|By Bob Weaver |
It is imperative that old people remind young people about how things use to be. They can't help ourselves.
We seem to mostly be annoyed by 21st Century technology, with a lack of bring connected to each other as human beings, except through some kind of electronic device.
Person-to-person, human to human conversation is out.
Calhoun's demise of being connect to land line phones hasn't helped much, no longer a phone book, with sketchy cell phone service.
My peeve is about younger folk walking around aimlessly with a device in their hand, unaware of the people and world around them.
Maybe for the third time, driving into Spencer, I had enough mental proclivity to slam on the brakes to keep from hitting a pedestrian who seemed to be unaware of oncoming traffic, device in face.
Honestly, I'm also annoyed that younger people do not have the time to listen to my story telling.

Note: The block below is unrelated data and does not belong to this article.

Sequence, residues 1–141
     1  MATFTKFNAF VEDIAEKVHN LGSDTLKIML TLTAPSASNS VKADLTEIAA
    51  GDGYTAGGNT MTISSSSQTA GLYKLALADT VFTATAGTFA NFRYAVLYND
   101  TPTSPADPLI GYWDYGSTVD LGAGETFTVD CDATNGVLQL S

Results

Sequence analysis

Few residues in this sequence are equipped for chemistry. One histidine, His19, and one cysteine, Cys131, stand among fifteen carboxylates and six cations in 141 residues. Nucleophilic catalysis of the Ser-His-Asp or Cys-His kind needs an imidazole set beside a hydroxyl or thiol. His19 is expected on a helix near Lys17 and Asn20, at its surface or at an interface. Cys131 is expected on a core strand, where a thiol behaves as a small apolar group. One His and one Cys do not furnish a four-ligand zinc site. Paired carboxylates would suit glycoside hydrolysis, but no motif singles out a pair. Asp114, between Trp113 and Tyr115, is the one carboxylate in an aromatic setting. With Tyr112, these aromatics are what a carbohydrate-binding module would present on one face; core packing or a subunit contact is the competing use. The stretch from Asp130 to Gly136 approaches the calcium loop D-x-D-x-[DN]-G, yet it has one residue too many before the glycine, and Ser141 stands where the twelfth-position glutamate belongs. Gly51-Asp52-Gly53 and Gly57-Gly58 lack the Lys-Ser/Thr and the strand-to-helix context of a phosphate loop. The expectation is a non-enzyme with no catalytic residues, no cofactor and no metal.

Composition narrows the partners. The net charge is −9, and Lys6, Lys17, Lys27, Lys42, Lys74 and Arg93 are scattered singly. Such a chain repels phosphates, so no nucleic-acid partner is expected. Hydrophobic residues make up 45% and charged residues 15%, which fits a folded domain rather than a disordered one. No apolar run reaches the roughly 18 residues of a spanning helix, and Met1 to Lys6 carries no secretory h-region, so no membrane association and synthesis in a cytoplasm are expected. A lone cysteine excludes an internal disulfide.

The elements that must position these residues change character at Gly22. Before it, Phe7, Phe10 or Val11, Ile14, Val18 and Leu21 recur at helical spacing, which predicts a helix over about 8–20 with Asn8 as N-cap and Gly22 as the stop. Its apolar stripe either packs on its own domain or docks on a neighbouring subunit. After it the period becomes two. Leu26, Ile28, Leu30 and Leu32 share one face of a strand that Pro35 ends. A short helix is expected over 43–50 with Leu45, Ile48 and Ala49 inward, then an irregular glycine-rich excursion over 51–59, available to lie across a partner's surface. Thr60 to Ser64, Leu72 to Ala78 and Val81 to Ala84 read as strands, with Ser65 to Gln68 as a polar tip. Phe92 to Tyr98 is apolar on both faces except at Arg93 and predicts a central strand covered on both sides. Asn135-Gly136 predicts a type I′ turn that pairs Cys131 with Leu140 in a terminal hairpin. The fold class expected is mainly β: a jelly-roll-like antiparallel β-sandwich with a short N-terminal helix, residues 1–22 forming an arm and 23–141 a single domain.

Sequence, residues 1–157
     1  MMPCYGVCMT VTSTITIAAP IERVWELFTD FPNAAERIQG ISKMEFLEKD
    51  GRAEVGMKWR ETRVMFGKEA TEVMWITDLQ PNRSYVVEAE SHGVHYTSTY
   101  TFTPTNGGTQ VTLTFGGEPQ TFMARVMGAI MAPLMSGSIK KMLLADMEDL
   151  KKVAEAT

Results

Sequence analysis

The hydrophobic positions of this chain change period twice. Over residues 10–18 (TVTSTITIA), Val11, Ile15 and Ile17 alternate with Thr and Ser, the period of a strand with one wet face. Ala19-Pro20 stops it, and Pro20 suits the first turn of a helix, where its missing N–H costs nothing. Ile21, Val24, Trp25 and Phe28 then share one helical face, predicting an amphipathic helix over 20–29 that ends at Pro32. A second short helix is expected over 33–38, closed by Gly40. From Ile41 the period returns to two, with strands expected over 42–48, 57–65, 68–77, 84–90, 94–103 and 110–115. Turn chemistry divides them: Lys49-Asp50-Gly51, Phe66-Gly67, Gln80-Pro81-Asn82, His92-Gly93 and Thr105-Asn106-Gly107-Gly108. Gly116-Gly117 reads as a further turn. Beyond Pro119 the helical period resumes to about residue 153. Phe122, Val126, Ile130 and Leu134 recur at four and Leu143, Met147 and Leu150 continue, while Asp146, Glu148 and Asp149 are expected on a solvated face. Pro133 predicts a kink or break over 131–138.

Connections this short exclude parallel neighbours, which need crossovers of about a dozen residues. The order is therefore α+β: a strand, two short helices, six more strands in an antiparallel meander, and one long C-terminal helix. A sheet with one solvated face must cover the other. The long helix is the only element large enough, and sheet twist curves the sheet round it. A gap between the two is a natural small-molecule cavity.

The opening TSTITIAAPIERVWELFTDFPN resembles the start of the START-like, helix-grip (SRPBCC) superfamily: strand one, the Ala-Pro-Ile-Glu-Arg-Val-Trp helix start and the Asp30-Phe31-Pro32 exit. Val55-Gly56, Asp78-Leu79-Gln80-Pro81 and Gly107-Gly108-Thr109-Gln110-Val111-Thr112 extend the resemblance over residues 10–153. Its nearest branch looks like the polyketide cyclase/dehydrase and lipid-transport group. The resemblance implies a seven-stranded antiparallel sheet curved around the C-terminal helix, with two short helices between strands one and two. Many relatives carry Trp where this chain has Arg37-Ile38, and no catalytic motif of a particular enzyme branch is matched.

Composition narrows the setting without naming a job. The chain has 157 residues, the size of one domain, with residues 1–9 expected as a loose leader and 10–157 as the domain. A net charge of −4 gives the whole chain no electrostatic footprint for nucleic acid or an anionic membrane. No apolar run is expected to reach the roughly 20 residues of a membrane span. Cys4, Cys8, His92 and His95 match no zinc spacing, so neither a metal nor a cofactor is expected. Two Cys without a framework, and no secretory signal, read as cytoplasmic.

There are hundreds of things in 21st Century life that exceed the good ole days, and maybe old people like me should give them more due.
Somehow we just can't seem to do it.
While we ruminate about the poor statistics with US educational outcomes, we should note that in my high school class of 1958, 160 students started the Freshman year and only 80 graduated.
What was different, it was a time of boundless opportunity for country boys and girls. Lots of jobs. Most of them did well.
While many focus on drop-out kids and welfare-ites as useless and unproductive, maybe if there would be boundless opportunity in the 21st Century, they too could fare well.
Perhaps the good ole days rises as a time when life was much slower, there was time to appreciate the little things and build human connections without the distractions.
I really do contend that coming of age in the 1950s was the best of times in America.
Unfortunately, we live in a time that is selfishly driven, being entertained to death, driven by conspicious consumption.
Perhaps young folks in 2020 will recall their life and times as the best ever.
I hope so.